Lost touch with friends during the pandemic? Three key steps from a psychotherapist to help you reconnect

With lockdown easing, our social lives can, theoretically, begin again. In practice, however, it’s not always easy to get back on track with friendships that have been put on hold through more than a year of restrictions.

Loneliness has increased in the pandemic for people who have lost touch with friends.

So what should you do if you’re want to reconnect with friends but you’re not sure where to start?

Reach out


“I always say: If you reach out to people you’ll be surprised at who reaches back,” says Kim Rutherford, psychotherapist and author of 8 Wise Ways.

The first step is to make contact with friends and, if you feel comfortable, explain that you’ve been having a hard time.

“People don’t know you’re struggling, if you don’t tell them. Most people, when they hear that there’s somebody they care about who is unhappy, will do everything they can to try and change that. Be brave and put yourself back out there.”

Be honest


Maybe you’re feeling slightly resentful that a friend hasn’t been in contact for a long time. Maybe you’re feeling guilty that you haven’t put in the effort. It can help to address these kinds of issues openly rather than burying your emotions.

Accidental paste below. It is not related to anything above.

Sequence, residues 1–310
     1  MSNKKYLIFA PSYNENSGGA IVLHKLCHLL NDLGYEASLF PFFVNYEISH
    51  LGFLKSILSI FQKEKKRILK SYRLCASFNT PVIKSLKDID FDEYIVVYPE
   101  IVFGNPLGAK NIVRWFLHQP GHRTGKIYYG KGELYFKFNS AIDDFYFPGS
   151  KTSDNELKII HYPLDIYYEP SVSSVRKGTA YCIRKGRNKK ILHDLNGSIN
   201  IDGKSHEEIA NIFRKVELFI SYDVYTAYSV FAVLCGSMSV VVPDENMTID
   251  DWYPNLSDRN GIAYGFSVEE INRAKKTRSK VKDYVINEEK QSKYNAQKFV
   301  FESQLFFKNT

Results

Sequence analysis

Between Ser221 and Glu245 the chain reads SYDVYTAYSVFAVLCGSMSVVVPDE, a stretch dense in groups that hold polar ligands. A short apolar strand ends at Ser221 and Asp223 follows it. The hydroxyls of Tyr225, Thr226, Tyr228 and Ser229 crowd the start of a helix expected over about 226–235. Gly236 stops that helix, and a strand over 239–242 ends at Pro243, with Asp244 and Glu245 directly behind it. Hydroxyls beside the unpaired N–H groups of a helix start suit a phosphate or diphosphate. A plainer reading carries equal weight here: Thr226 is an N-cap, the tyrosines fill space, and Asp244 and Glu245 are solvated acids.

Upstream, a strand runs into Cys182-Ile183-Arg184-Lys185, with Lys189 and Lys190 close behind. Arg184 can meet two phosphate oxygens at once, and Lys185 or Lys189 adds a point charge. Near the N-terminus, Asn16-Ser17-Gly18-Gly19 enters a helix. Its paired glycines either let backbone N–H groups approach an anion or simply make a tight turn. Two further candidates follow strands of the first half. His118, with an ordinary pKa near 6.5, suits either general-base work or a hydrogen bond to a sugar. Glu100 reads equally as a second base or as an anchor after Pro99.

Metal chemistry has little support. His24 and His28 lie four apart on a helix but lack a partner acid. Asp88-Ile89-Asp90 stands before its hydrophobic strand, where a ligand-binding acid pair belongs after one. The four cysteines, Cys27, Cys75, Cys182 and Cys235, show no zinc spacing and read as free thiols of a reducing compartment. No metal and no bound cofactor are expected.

“Friendships are just like any other relationship,” Rutherford says. “You have to keep assessing them, and you have to keep analysing them, and you need to be making sure that those relationships are bringing something to your life.

“Just like we would with boyfriends and girlfriends, it’s looking at what is working in this relationship and what isn’t working, and having some open conversations, if we want to try and fix it.”

Get together – and make it fun


Did you start the pandemic excitedly arranging tons of Zoom quizzes and watching movies together online, then swiftly get sick of staring at a screen all the time?

“The problem with social media, it’s not quality time – Zooms aren’t quality time. You need to be in someone’s presence,” Rutherford says.

If you are able meet up in person, she suggests choosing fun activities rather than just dinners or coffee catch ups: “If you start doing things with your friends that are fun, rather than sitting there just chatting about how bad Covid and the pandemic is – which keeps you feeling negative for longer – you’ll be in a better place.

“So start actually planning things that are more fun. Bring that fun element, bring that happiness element, back to the forefront so you look forward to spending time with people again.”


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